• “Jill Magid: A Reasonable Man in a Box,” Whitney Museum
  • “Heat Waves in a Swamp: The Paintings of Charles Burchfield,” Whitney Museum
  • “Christian Marclay: Festival,” Whitney Museum
  • “Facing the Artist: Portraits by John Jonas Gruen,” Whitney Museum
  • Nicholas Roerich Museum, New York

stanley crawford, “the river in winter”

Stanley Crawford
The River in Winter: New and Selected Essays
(University of New Mexico Press, 2004)

A consequence of growing up in the rural Midwest is a sort of pragmatism when considering art. This isn’t a pragmatism that Peirce or James wouldn’t recognize; rather, it’s a need to know what something’s good for, if anything. There are two causes of this: first, an environment in which art doesn’t exist as a matter of course; and second, the Midwesterner’s deep-seated belief that they are normal. I left the Midwest a long time ago, but I still find this attitude in myself from time to time; I’m not very good at appreciating architecture, for example, in no small part because the buildings that I grew up with were functional and nothing more. It’s an attitude I find in my reaction to reading as well: wondering who would read anything comes naturally when you grow up in an environment where no one reads anything. Obviously, the Midwest is not a yardstick against which anything should be measured; but it’s hard to step outside yourself.

There’s thus something that I find reassuring in Stanley Crawford’s writing: a sense of balance between art and work. Crawford’s fiction doesn’t appear to have reached a very large readership, which is a shame, as he’s a fine writer: his novels are modest and have been spaced out across forty years, but each is distinct and inventive. In his non-fiction – Mayordomo and A Garlic Testament – a philosophy becomes more apparent. Crawford makes a living as a garlic farmer in New Mexico; it’s an occupation that he’s put as much thought into as his fiction. Crawford’s someone who’s thought a great deal about how he and his writing fit into the world: I find this easier to stomach than the Monsieur Teste-like figure that most contemporary writers cut. This isn’t the most reasoned response; it’s more instinctual than not, but it is there.

The River in Winter is not the sort of book of essays that one expects from a fiction writer: only one of the essays in this book, “The Village Novel,” has anything to do with fiction writing, and even there Crawford is oblique (his “village novel” is metaphorical rather than a book), pointing out that living successfully in a community (in his case, Dixon, New Mexico) largely precludes writing about it:

Writers who grow up hearing episodes and chapters of the village novel at the knees of parents and grandparents and aunts and uncles set out into the literary world with something far better than a formal education – but this is also the source of the grief they can suffer when they offer up the contents of the village novel as a real book, a novel. They will then be charged with betraying confidences and appropriating something that belongs to no one person, or for quite simply getting it all wrong. (p. 146)

Crawford’s concern in this book isn’t writing; rather, it’s about figuring out how to live. He adopts a “small is beautiful” stance, following E. F. Schumacher; he observes the natural world around him and the way that people live in it. A third of the book has to do with water, as did Mayordomo, his chronicle of his time spent running a community irrigation ditch; while that book was concerned with how one particular ditch was run, here his eye roves, considering the myriad forces at play controlling water rights (especially the longstanding water adjudication batter) in northern New Mexico:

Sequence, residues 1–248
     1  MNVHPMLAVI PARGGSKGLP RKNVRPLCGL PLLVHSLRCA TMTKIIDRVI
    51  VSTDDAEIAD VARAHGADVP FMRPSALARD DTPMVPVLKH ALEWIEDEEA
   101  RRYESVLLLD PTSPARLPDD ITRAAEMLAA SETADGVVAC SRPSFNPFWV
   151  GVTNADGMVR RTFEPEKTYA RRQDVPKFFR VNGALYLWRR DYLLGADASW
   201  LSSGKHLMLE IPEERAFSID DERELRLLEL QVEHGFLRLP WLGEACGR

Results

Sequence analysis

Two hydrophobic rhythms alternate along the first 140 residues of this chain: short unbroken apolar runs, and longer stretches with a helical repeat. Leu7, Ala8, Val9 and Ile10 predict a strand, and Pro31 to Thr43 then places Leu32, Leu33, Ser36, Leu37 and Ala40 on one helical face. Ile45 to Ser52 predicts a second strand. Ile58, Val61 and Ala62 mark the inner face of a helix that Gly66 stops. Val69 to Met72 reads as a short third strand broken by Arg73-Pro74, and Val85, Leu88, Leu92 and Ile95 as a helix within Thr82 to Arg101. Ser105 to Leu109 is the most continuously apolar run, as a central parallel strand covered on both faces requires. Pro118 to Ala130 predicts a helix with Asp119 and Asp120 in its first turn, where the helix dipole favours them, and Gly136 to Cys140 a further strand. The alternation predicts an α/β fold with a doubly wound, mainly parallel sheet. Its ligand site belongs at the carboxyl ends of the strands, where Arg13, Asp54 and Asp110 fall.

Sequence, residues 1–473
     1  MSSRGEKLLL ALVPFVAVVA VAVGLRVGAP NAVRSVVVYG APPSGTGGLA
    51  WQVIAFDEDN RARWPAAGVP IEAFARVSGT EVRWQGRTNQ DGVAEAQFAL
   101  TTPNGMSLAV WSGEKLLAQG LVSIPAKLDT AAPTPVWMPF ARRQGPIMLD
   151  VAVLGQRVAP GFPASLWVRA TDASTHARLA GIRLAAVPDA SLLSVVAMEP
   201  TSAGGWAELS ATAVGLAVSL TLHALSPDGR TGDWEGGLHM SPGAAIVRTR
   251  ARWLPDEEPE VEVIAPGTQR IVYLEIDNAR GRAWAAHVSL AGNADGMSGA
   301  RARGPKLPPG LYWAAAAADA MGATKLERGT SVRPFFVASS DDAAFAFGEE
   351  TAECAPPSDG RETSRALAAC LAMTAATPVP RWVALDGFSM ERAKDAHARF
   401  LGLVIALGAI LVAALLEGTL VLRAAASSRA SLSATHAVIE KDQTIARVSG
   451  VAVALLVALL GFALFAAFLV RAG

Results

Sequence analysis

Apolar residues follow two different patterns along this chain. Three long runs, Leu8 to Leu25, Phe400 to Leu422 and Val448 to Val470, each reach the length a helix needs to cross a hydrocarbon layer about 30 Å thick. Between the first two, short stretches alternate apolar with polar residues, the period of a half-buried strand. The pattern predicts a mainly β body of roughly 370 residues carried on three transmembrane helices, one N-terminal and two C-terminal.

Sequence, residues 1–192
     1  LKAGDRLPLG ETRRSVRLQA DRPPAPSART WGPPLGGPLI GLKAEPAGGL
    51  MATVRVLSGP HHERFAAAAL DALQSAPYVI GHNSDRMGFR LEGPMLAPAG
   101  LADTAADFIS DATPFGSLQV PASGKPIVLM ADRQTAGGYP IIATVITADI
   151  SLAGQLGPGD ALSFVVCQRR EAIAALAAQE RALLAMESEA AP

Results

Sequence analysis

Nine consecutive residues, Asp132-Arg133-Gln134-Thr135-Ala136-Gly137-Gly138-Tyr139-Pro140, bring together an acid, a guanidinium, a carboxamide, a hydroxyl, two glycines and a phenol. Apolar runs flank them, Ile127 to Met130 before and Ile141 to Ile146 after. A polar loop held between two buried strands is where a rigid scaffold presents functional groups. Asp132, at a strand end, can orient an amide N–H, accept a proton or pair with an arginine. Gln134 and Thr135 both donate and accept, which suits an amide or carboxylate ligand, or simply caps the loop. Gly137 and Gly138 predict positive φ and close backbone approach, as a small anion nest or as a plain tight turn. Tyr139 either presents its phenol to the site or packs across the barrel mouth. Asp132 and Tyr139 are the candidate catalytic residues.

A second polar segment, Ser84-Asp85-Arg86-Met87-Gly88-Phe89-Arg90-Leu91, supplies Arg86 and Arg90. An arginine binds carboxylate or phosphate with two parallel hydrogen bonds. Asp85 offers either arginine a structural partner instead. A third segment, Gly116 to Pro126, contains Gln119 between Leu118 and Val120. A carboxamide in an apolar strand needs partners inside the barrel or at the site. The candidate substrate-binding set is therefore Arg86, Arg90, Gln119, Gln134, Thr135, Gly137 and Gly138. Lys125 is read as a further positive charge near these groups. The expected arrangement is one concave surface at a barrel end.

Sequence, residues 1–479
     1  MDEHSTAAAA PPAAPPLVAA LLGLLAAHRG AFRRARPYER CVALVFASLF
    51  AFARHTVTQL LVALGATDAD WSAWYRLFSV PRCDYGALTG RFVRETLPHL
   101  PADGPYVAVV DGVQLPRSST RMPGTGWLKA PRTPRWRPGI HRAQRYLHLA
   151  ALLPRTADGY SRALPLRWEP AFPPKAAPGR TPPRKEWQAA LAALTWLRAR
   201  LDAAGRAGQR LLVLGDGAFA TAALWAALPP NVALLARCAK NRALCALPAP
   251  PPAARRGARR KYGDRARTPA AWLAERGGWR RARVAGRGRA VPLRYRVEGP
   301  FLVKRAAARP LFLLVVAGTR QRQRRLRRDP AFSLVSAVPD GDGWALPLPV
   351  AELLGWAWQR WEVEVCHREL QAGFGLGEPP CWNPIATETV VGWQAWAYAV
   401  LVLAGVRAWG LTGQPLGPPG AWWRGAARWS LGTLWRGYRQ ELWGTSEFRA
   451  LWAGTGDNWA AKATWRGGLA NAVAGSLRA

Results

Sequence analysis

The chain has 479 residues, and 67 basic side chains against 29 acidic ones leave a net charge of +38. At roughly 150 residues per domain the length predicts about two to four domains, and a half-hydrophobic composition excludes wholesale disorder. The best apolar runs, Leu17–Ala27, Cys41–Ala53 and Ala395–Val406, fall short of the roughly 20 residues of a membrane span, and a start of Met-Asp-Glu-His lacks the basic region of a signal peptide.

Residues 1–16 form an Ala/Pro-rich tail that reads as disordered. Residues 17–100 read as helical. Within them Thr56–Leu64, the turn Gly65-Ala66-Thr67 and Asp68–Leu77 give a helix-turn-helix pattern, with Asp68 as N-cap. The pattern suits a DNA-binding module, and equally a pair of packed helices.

The ultimate effect of the adjudication process is to allow land to be separated from water, with complex consequences at the local level . . . . I have long argued that the fatal flaw of the adjudication process is that it allows the “commons value” of a water right to be privatized away and dissipated. Much of the commons value of water resides in the acequia system, which conveys the water from the river to the individual landowner. When that landowner is allowed to sell off his water right, he is also selling something which does not properly belong to him as an individual property owner, in the form of that portion of a commons which until then has underpinned and sustained the equity of his property as land and water. (pp. 69–70)

Crawford is talking about northern New Mexico’s idiosyncratic system of water distribution from his perspective as a small farmer; but he’s also aware that he’s suggesting the broader situation that all of us are in, a world increasingly full of reifications. While Crawford is too polite to make this a political book, his politics are apparent; as is a clear sense of morality. Comparisons might be drawn to Lewis Hyde; but Crawford seems to be more interested in people than in art. Later he considers the role of the funeral in his village and how we treat death in general:

Perhaps one of the reasons people leave villages all over the world is that they want to live in places where the lesson is not so relentlessly taught. Suburbs are places without graveyards, without necropolises. They zone out the dead. Like garbage and sewage, the dead are ferried away to special ghettos elsewhere – or anywhere. The modern liberal solution of scattering ashes to the wind seems to solve the problem nicely. By making the dead disappear in a puff of gray ash, we can conquer death itself. (p. 152)